Reference > Cambridge History > Renascence and Reformation > “Of the Laws of Ecclesiastical Polity” > Richard Hooker
  The puritan position The preface to the Polity  

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The Cambridge History of English and American Literature in 18 Volumes (1907–21).
Volume III. Renascence and Reformation.

XVIII. “Of the Laws of Ecclesiastical Polity”.

§ 5. Richard Hooker.


Richard Hooker entered the lists almost a generation after the early puritans; and he did so, not so much as a churchman pleading the cause of ecclesiastical authority, as a representative of humanistic Christianity and of the love of intellectual freedom.   14
  The facts of his life can be briefly related from Izaak Walton’s biography—a curious mixture of artless simplicity and consummate art, making the virtues of its subject the more conspicuous by darkening the background of family life and surroundings. Born in 1553, at Heavitree, Exeter, Richard Hooker came of good, though not noble or wealthy, stock, for his uncle John Hooker was a man of some note and chamberlain of Chichester. By the influence of this relative, he obtained the patronage of another Devonian, John Jewel, bishop of Salisbury, and was enabled to enter Corpus Christi College, Oxford, becoming a fellow of the society in 1577. Sandys, then bishop of London, made Hooker tutor to his son Edwin, and he also had charge of George Cranmer, great nephew of the celebrated archbishop. In 1581, when appointed to preach at Paul’s Cross, Hooker, according to his biographer, made the fatal mistake of marrying his landlady’s daughter.
“There is,” to quote Walton’s quaint words, “a wheel within a wheel;” a secret sacred wheel of Providence (most visible in marriages), guided by His hand that “allows not the race to the swift” nor “bread to the wise,” nor good wives to good men: and He that can bring good out of evil (for mortals are blind to this reason) only knows why this blessing was denied to patient Job, to meek Moses, and to our as meek and patient Mr Hooker.”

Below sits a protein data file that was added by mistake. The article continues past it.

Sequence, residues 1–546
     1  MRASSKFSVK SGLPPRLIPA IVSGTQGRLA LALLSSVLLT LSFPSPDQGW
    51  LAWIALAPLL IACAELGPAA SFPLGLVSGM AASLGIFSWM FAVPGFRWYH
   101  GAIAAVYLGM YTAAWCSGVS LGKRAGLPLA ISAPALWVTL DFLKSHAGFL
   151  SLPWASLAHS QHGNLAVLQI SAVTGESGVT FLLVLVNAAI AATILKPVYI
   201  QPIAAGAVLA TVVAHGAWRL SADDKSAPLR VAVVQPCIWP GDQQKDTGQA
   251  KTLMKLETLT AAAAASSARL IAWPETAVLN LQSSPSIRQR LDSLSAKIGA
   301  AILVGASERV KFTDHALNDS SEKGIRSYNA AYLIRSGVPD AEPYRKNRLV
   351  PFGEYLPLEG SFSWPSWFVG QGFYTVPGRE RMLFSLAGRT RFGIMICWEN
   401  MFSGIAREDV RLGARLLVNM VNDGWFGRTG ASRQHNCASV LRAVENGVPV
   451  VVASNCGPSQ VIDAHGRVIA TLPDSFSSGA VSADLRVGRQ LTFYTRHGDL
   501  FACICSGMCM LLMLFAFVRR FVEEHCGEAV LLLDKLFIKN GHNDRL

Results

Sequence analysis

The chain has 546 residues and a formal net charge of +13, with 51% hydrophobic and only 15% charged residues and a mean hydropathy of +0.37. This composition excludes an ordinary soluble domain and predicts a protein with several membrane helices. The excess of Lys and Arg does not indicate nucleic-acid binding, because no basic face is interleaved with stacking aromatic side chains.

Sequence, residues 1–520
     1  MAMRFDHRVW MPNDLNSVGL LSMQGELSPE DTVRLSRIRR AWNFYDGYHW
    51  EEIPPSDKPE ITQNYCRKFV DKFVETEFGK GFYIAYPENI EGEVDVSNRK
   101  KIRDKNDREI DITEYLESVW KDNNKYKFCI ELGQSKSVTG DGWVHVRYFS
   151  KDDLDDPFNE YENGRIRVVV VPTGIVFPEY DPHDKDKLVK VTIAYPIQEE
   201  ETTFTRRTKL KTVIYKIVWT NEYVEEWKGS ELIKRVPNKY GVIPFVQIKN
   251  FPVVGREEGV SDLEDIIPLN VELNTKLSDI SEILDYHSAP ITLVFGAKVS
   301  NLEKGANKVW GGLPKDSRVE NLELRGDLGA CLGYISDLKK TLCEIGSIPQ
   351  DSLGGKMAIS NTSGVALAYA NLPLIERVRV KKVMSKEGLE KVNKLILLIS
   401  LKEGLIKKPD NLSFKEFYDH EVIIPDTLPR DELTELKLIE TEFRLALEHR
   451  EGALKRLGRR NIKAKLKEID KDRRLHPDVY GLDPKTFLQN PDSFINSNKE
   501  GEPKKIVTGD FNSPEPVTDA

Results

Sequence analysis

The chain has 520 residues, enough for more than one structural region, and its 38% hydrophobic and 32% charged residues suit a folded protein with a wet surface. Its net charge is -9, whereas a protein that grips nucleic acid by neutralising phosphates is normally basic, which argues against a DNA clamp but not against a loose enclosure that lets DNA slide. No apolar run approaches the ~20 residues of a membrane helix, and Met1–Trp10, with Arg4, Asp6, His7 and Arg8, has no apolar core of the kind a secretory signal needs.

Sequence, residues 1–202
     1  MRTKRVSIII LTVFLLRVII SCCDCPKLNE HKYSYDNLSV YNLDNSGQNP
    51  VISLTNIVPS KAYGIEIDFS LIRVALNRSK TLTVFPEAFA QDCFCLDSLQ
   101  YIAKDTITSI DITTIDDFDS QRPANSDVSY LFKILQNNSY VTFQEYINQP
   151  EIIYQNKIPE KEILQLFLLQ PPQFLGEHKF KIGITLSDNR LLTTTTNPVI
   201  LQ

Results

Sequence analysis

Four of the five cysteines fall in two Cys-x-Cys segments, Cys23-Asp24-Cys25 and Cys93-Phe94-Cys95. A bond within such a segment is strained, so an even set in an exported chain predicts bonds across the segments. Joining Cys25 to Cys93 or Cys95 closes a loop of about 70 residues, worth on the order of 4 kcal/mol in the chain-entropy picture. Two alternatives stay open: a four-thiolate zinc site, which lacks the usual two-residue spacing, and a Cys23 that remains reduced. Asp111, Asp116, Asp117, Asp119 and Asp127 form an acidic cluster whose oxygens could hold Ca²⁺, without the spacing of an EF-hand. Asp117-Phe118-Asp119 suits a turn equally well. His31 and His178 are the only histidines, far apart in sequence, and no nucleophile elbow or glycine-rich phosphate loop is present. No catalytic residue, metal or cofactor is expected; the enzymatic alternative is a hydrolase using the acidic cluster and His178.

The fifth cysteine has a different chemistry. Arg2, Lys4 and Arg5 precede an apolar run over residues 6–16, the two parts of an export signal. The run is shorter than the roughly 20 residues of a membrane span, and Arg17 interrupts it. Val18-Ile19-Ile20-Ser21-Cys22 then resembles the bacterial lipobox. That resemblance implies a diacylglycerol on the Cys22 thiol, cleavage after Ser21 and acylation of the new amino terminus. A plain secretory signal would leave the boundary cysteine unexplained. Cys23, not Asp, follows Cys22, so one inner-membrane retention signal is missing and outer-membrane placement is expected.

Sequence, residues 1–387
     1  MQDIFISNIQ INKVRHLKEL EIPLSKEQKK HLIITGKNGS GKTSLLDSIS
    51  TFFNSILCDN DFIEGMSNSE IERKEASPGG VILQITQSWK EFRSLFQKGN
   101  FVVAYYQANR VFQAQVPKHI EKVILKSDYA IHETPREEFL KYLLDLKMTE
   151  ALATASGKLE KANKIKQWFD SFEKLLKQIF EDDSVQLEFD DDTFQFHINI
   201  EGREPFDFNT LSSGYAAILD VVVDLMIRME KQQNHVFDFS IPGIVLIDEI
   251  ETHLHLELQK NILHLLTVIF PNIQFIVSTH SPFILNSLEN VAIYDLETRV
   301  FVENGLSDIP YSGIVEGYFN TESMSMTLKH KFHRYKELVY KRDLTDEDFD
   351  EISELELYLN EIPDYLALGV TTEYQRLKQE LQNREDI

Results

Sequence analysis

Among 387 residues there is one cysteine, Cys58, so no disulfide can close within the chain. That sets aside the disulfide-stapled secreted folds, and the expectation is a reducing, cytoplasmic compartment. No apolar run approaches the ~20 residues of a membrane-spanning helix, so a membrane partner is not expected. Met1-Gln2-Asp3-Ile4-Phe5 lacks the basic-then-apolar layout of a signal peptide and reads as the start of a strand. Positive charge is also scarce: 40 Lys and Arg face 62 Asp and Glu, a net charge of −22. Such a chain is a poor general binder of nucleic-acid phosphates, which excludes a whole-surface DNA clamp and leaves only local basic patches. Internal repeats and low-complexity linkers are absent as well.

15
  In justice to Mrs. Hooker, it may be remarked that she and her family seem to have belonged to the puritan party and, consequently, were extremely obnoxious to the high church friends of her husband, who seems always to have treated her with respect and to have named her executrix in his will. In 1584, Hooker was presented to Drayton Beauchamp in Bucks, then in the diocese of Lincoln, and, in 1585, after some dispute, he was given the mastership of the Temple, where he had his famous controversy with Walter Travers, the reader, “a disciplinarian in his judgment and practice,” who had received only presbyterian ordination at Antwerp. It was at the Temple that Hooker began to plan his great work; and, wearied by his contentions with Travers, whom he admired as a man whilst differing from him as a divine, he petitioned archbishop Whitgift to relieve him of the mastership in order that he might study to complete “a Treatise in which I intend a justification of the Laws of our Ecclesiastical polity.” Accordingly, in 1591, Whitgift preferred him to the rectory of Boscombe, six miles from Salisbury; and, in 1595, queen Elizabeth gave him the living of Bishopsbourne, three miles from Canterbury. The first four books of the Polity were completed at Boscombe and printed in 1594; the fifth appeared in 1597. His health began to fail in the year 1600, in consequence of a cold contracted on a journey by water from London to Gravesend; his will bears date 26 October, 1600, and he probably died in the same year. The sixth and eighth books did not appear till 1648 and 1651, and the seventh was first printed in Gauden’s edition of Hooker’s works in 1662.   16

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  The puritan position The preface to the Polity  
 
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